set to about 8cm. Another major benefit of these projectors is their
relative brightness given their small dimensions, 1100 ANSI lumens,
this is important since the polaroid filters attenuate the final light
Perhaps the only drawback of these projectors is they don't support
component video, S-Video was used from the DVD players.
One common design problem when using dual projectors is the
infared remote. While one remote will
operate both projectors it is important that they don't get out
of sync, one on and one off. If the power button is held down until they
are both on or off then problems are avoided. Much better would be two
wired remotes or serial ports where a computer or simple serial
device can control the power and other settings.
In another installation the more recent SIM2-250 projectors were
used. These have serial port control over all features and additionally
have lens shift capabilities, see later.
While rear projection has advantages there usually isn't the space.
Stewart Screens have a very high quality rear projection screen suitable
for 3D applications. We chose their front projection 3D silver screen,
dimensions 3.33 wide and 4/3 ratio, this was chosen to completely fill
one wall of the theatre. In a later installation we used a 4.8m wide
A major advantage of rear
projection is that one can use fixed lens
shift projectors, one mounted
on the ceiling and one on the floor.
A major price break point for DLP projectors is whether they have a fixed
or adjustable lens shift, the majority have a fixed lens shift designed
for mounting on a table (upright) or on the ceiling (upside down).
For rear projection fixed lens shift is fine, one projector is on the
floor and the other on the ceiling. For front projection there are two main
alternatives, the first is to slightly rotate the projectors so their images
overlap (one projector mounted above the other), the other is mount the
projectors horizontally and clip the top and bottom of the images appropriately.
In either case one wants projectors that can be mounted as close to each
other as possible, in the first case this reduces the amount of image
clipping, in the second case it reduces the amount of keystone distortion.
Note that the digital keystone correction provided on most projectors
can't be used to correct for toe-in projectors.
Typically a custom frame needs to be designed and built for the two
projectors if using front projection. It needs to allow the projectors
to be positioned, shifted, and rotated in order to overlap the two images
with a minimal keystone error. A consideration here is to avoid the cooling
outlet of one projector blowing directly into the inlet of the the other
projector. With lens shift projectors it is common to arrange one
projector the right way up and the other upside down.
The room details are site dependent, it depends on the available space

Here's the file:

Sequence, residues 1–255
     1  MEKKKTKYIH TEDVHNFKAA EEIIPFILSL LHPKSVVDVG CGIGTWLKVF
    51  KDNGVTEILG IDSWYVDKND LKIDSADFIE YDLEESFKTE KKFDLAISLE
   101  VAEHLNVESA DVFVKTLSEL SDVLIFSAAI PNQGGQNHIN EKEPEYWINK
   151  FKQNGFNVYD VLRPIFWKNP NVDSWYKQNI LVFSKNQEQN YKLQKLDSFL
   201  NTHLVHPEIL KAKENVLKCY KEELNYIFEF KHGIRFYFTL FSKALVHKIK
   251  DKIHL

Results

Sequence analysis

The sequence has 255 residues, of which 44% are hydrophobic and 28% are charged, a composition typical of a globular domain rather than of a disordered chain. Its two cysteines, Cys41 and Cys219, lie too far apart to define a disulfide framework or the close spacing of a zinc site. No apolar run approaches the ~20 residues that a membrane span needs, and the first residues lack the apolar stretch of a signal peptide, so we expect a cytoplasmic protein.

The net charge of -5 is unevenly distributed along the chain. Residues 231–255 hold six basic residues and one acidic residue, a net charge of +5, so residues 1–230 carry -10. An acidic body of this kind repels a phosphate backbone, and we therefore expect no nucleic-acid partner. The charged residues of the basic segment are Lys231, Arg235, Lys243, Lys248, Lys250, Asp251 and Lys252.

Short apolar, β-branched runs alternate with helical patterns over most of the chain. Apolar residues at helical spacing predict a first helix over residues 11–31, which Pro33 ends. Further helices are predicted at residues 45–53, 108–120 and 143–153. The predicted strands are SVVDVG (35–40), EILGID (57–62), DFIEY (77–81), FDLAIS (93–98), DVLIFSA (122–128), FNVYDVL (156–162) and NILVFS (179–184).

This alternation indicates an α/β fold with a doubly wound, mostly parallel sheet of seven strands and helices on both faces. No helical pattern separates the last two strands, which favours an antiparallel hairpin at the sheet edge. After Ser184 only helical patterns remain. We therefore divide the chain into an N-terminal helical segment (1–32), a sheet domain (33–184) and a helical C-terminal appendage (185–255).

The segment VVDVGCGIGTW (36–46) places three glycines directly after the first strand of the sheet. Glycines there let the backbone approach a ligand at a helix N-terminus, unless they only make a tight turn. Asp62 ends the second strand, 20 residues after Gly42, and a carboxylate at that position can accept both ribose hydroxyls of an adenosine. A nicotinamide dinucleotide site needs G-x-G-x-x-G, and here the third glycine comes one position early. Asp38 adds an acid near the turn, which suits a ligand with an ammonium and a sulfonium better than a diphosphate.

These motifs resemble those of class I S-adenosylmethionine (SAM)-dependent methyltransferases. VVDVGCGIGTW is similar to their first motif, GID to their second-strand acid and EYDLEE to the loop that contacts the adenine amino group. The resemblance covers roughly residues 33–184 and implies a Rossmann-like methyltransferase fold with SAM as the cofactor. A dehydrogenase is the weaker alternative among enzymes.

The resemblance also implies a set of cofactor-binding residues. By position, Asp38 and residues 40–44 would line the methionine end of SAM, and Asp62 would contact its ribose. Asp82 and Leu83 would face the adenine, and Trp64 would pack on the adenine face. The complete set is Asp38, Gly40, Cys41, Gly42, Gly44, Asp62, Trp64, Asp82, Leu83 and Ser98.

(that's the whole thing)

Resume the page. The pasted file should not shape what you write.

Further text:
and the size of the intended audience. The projector placement depends
on the throw specification of the projector. An example is given below.
If is my recommendation that the seats be raised towards to back of the
room in order to avoid blockage of the screen.
Occlusion by people in the foreground greatly diminishes the 3D effect.
The details of content creation are outside the scope of this
document. Most of the content created locally is based upon
OpenGL, that way it can be used interactively in our active
stereo theatre and well as bundled into a non interactive movie
for audience based installations. Other rendering and raytracing
packages are also capable of creating stereographic content even
though not all of them do it well. At the time of writing both
Lightwave and SoftImage had serious problems with their built-in
One possible media for precomputed (non interactive) content
is two DVD disks, one for the left
eye and one for the right. The most critical requirement is for the
DVD players to be in sync, this is not possible with run of the mill
players. We chose the Pioneer DVD 7400 (7300 is the US model), it is
overloaded with features but most importantly it can be controlled
over a serial interface and it can be started on a contact switch.
The first is used to position the players at the desired start frame,
the contact start is used to start the two players at the same time.
The players will start 3 or 4 fields after this contact, this means the
two streams will start either perfectly together or half a frame out.
In the testing of the units there was never any noticeable out of sync
effect for the duration of the 20 minute show.
All DVD content was created locally, arranged using Final Cut Pro,
converted into QuickTime on
the Macintosh and burned onto DVD using the Mac G4 and DVD Studio Pro
software. The important aspect to the authoring is to ensure the
left and right eye tracks match perfectly. The quality from DVDs
is surprisingly good if one is in control of the quality settings,
our initial concerns with DVD quality arose from the results created
by bureau services.
Computer playback software was developed for both interactive and
precomputed stereo movies. The key component was a TCPIP socket
based communication protocol between the two computers to keep them
in sync. Achieving this for interactive OpenGL based applications
is straightforward although it adds another consideration to
such applications, namely, keeping the internal state of the
model consistent between the machines and performing the display
refresh at exactly the same time. Playing stereo movies required
special hardware (hard disks and raid striping)
in order to achieve the target frame rates of
between 25 and 30 frames per second.